Using a pen name for the epub *might* get around that, but then again, it might open you up to legal problems, and it might not be legit at all, so I don’t think that’s likely to be the right solution.

    If you really want to do both, I wonder if epubbing the first would be the right way to go. Then if your numbers and reviews are good, it might help you sell the second book.

    • dwsmith says:

      Moses, nope, doesn’t work that way.

      The “option” clause in a normal book contract gives the publisher the right to see your next book INSIDE THAT GENRE, IN THAT SERIES, UNDER THAT SAME NAME. Nothing more. God, if it did what you suggested, none of us would make much money except the bestsellers.

      Of course, authors have been stupid enough to sign contracts that do what you suggest, and then you hear them complaining that the publisher screwed them. When they signed it. Option clauses are easily negotiated down to very, very pointed books, only in the series of the first book, only in the same subgenre, only under the same author name.

  9. Thanks Dean. Granted, I don’t know the ins and outs of the option clause like you do, but when I heard Eric Flint explain it at a seminar, it sounded like it’s extremely hard to negotiate your way out of the option the publisher has to look first at your next book under your name in that genre. If it’s _only_ within the same series, though, then that clause is not as strong as I thought it might be. I don’t think that’s what I was told by others, though.

    • dwsmith says:

      Actually, in reality, the option clause is very, very easy to negotiate in almost all contracts. It’s critically important to an author’s income stream and as Laura detailed out, it takes a number of different roads. But if an author signs a bad option clause, they only have themselves to blame for it.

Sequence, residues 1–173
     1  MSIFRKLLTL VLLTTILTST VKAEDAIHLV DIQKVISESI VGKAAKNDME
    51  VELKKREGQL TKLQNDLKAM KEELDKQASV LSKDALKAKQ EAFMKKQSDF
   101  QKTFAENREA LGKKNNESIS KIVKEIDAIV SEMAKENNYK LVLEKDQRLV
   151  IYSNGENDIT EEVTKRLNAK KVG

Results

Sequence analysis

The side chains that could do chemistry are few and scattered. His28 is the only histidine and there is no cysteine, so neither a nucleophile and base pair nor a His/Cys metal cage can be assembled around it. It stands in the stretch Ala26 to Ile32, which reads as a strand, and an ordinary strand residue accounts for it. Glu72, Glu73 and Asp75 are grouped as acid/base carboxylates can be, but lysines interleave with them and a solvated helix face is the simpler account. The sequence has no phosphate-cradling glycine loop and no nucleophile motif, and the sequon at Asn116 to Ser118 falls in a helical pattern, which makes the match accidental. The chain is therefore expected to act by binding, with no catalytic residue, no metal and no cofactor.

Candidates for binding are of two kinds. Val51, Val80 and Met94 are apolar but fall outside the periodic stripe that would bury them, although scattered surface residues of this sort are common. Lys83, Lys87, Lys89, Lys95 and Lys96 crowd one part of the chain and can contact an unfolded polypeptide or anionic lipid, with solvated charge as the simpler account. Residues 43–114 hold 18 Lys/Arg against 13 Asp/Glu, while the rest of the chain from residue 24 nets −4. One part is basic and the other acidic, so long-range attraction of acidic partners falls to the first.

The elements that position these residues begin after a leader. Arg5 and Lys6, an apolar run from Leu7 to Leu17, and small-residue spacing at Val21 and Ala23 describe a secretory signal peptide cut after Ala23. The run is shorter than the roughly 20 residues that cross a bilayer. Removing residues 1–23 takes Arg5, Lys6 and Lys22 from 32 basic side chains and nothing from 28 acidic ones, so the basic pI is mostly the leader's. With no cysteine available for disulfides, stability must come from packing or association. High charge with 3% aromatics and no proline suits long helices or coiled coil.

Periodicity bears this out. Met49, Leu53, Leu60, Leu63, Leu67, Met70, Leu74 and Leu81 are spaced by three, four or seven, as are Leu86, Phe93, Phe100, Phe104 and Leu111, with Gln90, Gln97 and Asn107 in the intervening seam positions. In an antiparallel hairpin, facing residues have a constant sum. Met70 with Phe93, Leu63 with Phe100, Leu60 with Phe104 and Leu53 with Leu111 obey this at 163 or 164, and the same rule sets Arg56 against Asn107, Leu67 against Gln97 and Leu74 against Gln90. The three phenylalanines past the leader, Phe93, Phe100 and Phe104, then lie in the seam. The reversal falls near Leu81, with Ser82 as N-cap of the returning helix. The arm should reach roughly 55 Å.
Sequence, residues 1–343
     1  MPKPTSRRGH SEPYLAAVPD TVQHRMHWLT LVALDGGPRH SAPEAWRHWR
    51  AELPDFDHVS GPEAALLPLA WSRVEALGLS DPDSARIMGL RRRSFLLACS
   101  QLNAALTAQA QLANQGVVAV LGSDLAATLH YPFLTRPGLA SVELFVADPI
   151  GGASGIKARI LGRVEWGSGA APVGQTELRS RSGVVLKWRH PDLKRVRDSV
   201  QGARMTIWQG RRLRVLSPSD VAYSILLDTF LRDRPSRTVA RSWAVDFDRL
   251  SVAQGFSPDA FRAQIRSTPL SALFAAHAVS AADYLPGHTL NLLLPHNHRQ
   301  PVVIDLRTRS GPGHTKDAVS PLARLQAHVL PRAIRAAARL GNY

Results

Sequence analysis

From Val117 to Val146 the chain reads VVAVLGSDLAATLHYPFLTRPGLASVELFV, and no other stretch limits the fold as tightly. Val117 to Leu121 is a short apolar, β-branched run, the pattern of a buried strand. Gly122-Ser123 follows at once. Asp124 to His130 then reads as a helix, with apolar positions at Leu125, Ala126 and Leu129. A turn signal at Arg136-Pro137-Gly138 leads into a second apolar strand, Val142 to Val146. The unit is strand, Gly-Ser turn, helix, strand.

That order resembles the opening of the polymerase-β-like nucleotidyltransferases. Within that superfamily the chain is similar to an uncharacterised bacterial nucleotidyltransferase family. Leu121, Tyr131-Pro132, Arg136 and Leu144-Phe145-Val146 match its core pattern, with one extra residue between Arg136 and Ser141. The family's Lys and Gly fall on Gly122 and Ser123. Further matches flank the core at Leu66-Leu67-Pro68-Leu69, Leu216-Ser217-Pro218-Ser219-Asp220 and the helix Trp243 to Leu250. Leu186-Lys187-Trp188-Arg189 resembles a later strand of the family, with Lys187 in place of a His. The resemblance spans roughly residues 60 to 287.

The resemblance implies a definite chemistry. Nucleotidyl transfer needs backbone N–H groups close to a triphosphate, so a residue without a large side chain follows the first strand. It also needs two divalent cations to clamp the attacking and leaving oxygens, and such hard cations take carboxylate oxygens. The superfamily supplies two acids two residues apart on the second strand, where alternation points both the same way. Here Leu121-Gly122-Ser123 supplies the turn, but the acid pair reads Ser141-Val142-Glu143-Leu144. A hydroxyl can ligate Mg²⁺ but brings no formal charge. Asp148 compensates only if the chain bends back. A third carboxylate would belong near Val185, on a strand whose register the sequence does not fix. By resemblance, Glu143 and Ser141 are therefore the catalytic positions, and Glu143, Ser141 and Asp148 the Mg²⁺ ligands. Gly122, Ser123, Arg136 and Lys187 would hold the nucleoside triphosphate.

“Bad option clause” is simply a clause that restricts an author outside of the need of the publisher for the next book in the same series or world in the same subgenre. No need for a publisher to do that, no need for an author to sign it. Very easy to negotiate to the right position. Unlike electronic rights, there is no monetary gain to the publisher by not negotiating.

      • dwsmith says:

        By the way, Zoe, and all of us, did you see the news this morning that Barnes and Noble will start this fall offering self-publishing electronic books for their and Nook pub devices. It is called PubIt and more details coming later in the summer.

        So like getting something on Kindle, you’ll be able to do the same with Pubit to the B&N distribution souces.

        That’s huge and yet another income stream for all of us.

  10. “the non-competition clause you’d have in a contract with a publisher. They pretty much always request seeing your next book. So if you get a traditional contract, it might be a problem to just epub your second work. ”

    Er, no, though this is one of the common misconceptions about contracts among people who don’t understand the business.

    An OPTION clause means you have to show the next specified book project to the same publisher. An option clause can be written in many ways. A good one, for example, would say that I have to show the next Esther Diamond novel to DAW Books, and that they’ve got 30 days thereafter to make me an offer, after which time, if they don’t respond or if I don’t like their offer, I can show the book to other houses. (Additional permutations may involve a “matching” or “topping” clause, or may specify that the clock on my submission can only start ticking after D&A of the final book on the previous contract, etc.) A -bad- option clause (which an aspiring writer or bad agent might leave in a contract) would say something like, I have to show my next fantasy novel to the publisher; that’s very broad and limits what other submissions I can make until/before fulfilling that clause. A TERRIBLE clause would say simply my “next book.” A bad clause would also fail to severely limit how long the publisher gets to make up its mind before I’m free to submit elsewhere.